Thursday, May 29, 2008

Health Wonk Review: Post-Memorial Day Edition

[Welcome Kaiser Network readers!]
Welcome to this week's edition of all that's wonky in the healthcare world. As a 4-timer, I was tempted to out-shtick myself, but decided to play it straight (for once). And so, without further ado...
Paul Hsieh poses an interesting question at We Stand Firm: What would health insurance look like in a truly free market? I really liked the Q&A format of this post.
The Health Business Blog's David Williams has a chilling post on identity theft, specifically crooks who take advantage of the fact that stolen health information is likely to be useful for much longer than stolen financial data.
Sam Solomon, blogging at Canadian Medicine, draws a connection between global warming and mortality rates.
Brian T. Schwartz, writing at Patient Power, has a real issue with the concept of mandatory health insurance.
Dr Deb Serani reports on a VA facility in Texas, whose cost-conscious administrator has apparently put the kibosh on any more PTSD diagnoses.
HWR's Julie Ferguson is out of the country, but her Workers Comp Insider partner, Jon Coppelman, has his own take on that VA administrator.
Alvaro Fernandez, blogging at Brain Health Business, explores how people can use emerging technologies to keep their brains healthy and productive as long as possible.
Here at IB, we're big fans of transparency in health care (and health insurance). Over at his New America blog, Tom Emswiler talks about the newest HHS program, which lets consumers compare cost data at nearby hospitals.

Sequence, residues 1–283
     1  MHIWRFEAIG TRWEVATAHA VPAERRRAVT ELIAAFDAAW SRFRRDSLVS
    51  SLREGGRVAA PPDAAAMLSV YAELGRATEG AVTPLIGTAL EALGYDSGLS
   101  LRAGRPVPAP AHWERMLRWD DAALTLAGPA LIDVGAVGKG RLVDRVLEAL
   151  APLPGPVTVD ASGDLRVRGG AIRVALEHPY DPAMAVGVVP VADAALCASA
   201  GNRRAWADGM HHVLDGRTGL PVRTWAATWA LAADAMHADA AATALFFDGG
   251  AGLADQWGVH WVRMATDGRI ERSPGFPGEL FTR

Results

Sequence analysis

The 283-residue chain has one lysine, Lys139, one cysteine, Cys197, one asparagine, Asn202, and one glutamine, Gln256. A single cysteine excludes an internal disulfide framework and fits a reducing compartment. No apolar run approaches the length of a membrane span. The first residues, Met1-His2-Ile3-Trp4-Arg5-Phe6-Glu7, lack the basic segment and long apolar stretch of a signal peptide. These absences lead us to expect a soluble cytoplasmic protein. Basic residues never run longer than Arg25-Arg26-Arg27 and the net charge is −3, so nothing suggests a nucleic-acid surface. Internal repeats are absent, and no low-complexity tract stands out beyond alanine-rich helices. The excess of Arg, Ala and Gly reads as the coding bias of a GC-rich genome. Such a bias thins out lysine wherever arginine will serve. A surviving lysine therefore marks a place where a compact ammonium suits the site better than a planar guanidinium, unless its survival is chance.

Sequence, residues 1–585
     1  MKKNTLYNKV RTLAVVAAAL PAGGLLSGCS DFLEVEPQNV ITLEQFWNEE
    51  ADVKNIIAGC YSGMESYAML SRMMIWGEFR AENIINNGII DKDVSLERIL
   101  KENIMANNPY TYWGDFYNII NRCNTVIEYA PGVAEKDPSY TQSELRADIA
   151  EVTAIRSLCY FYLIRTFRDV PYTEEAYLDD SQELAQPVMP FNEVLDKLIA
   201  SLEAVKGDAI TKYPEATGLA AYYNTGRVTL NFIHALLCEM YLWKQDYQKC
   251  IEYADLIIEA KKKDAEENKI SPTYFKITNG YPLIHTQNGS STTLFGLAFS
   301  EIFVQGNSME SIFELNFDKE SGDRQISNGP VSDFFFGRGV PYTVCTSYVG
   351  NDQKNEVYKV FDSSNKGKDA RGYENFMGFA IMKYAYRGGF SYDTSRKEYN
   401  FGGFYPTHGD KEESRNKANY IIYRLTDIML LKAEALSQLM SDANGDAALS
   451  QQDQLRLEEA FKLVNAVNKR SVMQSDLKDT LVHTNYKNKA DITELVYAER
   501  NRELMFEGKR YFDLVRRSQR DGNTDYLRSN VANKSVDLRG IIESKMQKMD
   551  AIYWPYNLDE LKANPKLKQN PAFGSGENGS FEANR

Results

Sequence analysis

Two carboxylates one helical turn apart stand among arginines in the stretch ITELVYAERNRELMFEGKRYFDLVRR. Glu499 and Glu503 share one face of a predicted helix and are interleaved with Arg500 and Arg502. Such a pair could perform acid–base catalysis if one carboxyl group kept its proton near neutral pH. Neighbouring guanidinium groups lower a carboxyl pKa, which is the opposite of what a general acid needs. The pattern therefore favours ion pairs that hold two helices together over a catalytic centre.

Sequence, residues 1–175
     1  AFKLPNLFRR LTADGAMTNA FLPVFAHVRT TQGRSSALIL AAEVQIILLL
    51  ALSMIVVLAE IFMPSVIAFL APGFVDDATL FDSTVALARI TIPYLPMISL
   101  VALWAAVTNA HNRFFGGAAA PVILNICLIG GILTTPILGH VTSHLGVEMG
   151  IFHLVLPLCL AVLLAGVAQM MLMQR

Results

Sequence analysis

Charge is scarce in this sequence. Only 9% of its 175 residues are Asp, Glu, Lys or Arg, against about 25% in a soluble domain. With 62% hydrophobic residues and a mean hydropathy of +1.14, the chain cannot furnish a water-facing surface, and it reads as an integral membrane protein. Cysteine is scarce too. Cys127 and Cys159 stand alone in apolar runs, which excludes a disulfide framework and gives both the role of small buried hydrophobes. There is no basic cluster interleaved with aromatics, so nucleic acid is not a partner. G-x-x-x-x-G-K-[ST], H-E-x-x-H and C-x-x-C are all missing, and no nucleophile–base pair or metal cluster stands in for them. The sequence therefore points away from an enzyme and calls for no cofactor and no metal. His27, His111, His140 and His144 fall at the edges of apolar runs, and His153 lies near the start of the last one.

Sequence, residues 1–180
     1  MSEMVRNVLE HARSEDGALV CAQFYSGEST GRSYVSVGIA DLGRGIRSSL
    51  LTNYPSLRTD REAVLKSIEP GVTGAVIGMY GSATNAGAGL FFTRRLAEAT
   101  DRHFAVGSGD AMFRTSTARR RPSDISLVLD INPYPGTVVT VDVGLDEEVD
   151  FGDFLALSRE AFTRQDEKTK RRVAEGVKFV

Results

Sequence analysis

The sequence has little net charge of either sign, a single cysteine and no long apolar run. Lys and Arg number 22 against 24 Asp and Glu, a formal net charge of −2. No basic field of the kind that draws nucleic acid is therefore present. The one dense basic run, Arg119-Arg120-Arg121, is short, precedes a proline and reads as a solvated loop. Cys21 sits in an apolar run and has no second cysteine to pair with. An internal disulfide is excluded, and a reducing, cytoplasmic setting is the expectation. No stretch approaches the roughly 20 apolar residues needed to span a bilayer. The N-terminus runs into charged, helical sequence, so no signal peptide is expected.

Vince Kuraitis, principal of e-CareManagement, tells us about the newest delivery and financing model to rescue primary care, the Patient Centered Medical Home (PCMH).
Shaheen Lakhan, the Brain Blogger, presents a Patient Manifesto. He points out that each of us may also be a patient and so many blog posts are about medical topics and issues, but not about the patients.
Over at Health Populi, blogger Jane Sarasohn-Kahn discusses the rising cost of health insurance, especially from the employers' standpoint, and wonders if we'll see more employers dropping cover, or requiring a bigger bite out of the employees' paycheck [ed: Yes].
At the Disease Management Care Blog, Jaan Sidorov discusses the cost/benefit dilemna when looking at med's that treat brain cancers, and how making the decision on whether or not to even use them can cause more stress.
Anthony Wright, of the Health Access California blog, asks what, exactly, constitutes insurance coverage? He posits that, at the very least, coverage should protect a consumer against unlimited financial liability.
The Internet Marketing Blog's D. Singh takes a close look at the new, improved Google Health, and comes away concerned about whether or not we should trust the search-engine behemoth with our private medical data.
Speaking of Google Health, Health Care Industry blogger David Hamilton is quite concerned that Google has hedged its exposure in the event a privacy breach occurs. In fact, it appears that the company actually requires users to defend against or settle any suit brought against Google.
Finally, you might think that insurance agents would welcome presidential wannabe John McCain's market-based solutions. Not so fast: Our own Bob Vineyard takes the good senator to the woodshed, instead.
That's all for this week's edition. Please make sure to stop by the Health Affairs Blog on June 12th for the next exciting episode.
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